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S.L. Price
September 11, 2006
Jimbology 101
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September 11, 2006

Tennis

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Jimbology 101

After a summer tutorial with Jimmy Connors, his new coach, Andy Roddick made a run into Week 2 of the U.S. Open

On the surface, it seemed like a match made in hell: the floundering, hypersensitive, mouthy star and the inexperienced, hypersensitive, mouthy legend. Plenty of eyebrows shot up when Andy Roddick hired Jimmy Connors as his coach in July, and you couldn't walk through the grounds at the 2006 U.S. Open without hearing murmured predictions of the break to come: Jimbo will get bored; A-Rod will feel neglected; the combustible mix will blow, leaving a residue of nasty quotes and ill feeling. But for the moment? Connors, it turns out, is the best thing that's happened to Roddick in years.

Just in time, too. Since Roddick won his only major, the 2003 U.S. Open, his career has spiraled downward. By last spring he had burned through coaches Brad Gilbert and Dean Goldfine, and after a third-round loss at Wimbledon, the once-preeminent American player of his generation fell out of the top 10 for the first time since October 2002. But after persuading Connors, who had never coached, to break his self-imposed exile from the game, Roddick made the final in Indianapolis and in August won his first title of '06, in Cincinnati. On Monday he disposed of Benjamin Becker 6-3, 6-4, 6-3 to bull his way into the U.S. Open quarterfinals. "The biggest difference is in Andy's footwork and court positioning," says former No. 1 Jim Courier. "Those are things everyone he's worked with- Pat McEnroe in Davis Cup, Brad, Dean-said he needed to [improve]. Jimmy's broken through. He's gotten Andy to actually do it."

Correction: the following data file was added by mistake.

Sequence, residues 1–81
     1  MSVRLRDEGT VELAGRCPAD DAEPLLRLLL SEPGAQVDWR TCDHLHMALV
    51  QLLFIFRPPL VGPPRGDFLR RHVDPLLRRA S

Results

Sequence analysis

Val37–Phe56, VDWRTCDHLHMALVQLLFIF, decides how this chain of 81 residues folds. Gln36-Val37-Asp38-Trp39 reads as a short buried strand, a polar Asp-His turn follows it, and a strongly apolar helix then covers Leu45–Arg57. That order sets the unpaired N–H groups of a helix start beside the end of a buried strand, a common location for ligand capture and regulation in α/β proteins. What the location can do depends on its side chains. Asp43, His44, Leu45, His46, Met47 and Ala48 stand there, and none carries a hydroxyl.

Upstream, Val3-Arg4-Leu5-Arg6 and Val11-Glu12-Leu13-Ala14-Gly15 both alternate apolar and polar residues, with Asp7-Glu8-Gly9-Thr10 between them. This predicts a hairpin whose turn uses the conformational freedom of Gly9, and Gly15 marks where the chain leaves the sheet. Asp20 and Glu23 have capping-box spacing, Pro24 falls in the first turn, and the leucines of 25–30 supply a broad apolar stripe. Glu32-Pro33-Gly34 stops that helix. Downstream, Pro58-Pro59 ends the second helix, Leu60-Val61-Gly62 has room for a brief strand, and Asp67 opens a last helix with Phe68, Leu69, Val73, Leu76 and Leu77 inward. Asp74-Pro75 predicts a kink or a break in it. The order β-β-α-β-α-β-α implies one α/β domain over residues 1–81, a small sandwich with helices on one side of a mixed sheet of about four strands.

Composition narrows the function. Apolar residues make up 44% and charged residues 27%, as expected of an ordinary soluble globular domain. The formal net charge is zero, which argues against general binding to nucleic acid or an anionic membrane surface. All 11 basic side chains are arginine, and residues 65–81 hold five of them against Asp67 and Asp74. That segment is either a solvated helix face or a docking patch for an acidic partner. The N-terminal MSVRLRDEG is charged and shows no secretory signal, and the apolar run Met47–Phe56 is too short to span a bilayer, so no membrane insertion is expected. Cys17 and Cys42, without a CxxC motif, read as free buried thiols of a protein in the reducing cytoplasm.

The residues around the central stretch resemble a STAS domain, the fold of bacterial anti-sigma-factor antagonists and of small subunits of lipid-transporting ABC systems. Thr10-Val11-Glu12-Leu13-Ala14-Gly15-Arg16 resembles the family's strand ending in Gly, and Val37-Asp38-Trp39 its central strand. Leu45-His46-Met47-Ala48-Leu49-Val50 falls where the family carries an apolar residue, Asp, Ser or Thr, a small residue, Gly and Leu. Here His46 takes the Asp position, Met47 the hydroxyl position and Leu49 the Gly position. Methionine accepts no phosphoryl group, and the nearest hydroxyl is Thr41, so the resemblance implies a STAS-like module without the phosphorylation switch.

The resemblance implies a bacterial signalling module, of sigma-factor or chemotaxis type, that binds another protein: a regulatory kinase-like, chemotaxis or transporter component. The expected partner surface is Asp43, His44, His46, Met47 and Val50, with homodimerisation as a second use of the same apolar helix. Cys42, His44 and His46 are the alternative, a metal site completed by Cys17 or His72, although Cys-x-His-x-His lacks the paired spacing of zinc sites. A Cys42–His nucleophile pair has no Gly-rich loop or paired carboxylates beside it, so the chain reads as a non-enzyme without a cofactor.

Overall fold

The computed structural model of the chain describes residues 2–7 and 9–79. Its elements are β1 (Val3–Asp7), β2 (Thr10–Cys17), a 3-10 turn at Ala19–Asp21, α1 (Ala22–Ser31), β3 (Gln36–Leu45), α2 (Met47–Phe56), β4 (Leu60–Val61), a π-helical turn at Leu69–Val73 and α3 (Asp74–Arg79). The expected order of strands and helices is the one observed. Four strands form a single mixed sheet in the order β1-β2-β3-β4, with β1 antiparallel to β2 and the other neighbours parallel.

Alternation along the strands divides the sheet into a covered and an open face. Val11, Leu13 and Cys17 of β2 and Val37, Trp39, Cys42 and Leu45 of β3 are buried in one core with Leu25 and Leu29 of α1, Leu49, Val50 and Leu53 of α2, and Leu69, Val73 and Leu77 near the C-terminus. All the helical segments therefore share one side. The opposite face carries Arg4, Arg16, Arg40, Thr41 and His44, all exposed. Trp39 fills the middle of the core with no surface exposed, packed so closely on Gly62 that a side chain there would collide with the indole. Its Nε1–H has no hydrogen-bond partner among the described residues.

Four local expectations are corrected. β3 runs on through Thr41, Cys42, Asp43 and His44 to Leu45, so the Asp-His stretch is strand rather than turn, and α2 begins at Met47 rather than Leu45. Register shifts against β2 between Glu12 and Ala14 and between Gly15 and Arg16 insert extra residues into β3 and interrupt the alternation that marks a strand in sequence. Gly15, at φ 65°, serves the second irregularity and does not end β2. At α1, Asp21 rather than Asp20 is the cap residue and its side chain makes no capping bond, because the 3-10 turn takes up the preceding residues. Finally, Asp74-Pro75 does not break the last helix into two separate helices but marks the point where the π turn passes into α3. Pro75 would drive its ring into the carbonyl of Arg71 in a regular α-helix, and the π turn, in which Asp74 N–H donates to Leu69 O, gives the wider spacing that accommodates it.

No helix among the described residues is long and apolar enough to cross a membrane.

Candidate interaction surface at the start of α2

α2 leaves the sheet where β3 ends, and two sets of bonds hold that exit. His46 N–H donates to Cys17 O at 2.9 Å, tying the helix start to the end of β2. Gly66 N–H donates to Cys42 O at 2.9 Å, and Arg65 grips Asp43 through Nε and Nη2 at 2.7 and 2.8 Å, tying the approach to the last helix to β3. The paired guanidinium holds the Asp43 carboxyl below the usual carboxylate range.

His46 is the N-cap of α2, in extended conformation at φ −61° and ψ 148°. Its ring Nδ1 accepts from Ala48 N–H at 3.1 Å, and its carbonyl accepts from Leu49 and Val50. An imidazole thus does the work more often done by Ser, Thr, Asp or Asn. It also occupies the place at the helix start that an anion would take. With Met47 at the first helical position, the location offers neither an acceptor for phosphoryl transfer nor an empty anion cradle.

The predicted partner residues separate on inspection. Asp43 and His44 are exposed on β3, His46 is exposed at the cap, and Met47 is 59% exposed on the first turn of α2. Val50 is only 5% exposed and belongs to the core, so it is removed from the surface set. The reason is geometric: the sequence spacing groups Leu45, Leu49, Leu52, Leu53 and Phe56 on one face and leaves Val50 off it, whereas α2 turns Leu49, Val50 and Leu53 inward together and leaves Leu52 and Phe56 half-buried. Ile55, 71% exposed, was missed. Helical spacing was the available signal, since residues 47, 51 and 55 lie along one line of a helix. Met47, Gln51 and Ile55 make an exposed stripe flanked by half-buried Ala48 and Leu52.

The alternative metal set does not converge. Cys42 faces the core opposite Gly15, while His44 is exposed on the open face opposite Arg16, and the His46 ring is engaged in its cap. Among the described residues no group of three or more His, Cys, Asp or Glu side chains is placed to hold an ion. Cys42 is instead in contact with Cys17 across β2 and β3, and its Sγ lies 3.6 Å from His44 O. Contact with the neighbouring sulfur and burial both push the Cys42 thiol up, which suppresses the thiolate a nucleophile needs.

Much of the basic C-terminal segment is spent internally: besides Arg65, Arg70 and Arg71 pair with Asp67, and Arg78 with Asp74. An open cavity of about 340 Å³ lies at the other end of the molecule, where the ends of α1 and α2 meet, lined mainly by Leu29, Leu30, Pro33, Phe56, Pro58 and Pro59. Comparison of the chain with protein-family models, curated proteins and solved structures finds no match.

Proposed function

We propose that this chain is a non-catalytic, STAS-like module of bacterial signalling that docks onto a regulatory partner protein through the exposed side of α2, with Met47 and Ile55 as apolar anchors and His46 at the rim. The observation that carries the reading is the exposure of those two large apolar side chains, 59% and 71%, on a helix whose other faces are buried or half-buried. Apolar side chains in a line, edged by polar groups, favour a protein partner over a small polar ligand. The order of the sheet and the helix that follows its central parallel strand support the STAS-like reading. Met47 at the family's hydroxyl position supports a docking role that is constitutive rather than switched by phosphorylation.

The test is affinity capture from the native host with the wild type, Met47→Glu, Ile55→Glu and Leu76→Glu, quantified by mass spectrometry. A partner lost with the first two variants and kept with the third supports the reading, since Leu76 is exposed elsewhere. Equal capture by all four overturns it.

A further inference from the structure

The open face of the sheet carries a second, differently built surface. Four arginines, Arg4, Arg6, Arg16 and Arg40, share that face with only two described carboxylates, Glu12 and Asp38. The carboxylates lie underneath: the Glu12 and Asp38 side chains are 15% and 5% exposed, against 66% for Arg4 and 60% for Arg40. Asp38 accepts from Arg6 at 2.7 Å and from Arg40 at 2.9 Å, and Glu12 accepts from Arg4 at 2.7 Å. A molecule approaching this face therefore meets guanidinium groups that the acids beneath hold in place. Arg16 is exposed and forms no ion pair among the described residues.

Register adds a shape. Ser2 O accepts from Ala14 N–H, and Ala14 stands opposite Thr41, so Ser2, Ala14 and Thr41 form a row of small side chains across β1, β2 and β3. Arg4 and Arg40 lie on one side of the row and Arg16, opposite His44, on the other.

Connors doesn't travel with Roddick full-time, leaving that to John Roddick, Andy's brother and the former tennis coach at Georgia. Connors's role is to spot the gaps in Roddick's game and tell him. "I was scared, because I didn't know what to expect," Roddick said on Monday. "You hear things and you know someone's reputation. I think we were both taking a leap of faith, just hoping that something would click."

"I never ever thought I would [coach]," the 54-year-old Connors said last week. "Maybe I didn't feel like I wanted to give what I can to anybody. It didn't go to my kids." But with an instructional DVD on the market and a book in the works, Connors has been edging his way back into the tennis spotlight. Roddick first called him while on a train from Paris to London in May, and as the two got to know each other, Connors saw something in Roddick that sealed the deal: a bit of himself, one man battling the world.

"I've been kicked in the teeth more times in tennis than the law ought to allow," Connors says. "I know what that feels like, and that kid doesn't deserve it. He's too great a player, and he's too American to take that kind of hammering. To get his confidence back is an important part of it."

Can the partnership last? Connors raves about Roddick's receptivity. But it will take time to get used to the sight of Connors cringing and cheering in a courtside box. "Nothing is like being out there and playing and performing and winning-nothing," Connors says. "But to have an interest in the player? The nerves and everything that goes with it? Seeing what he's learned and how he's done it? That's the second best thing to playing. I think."

ARAVANE REZA�

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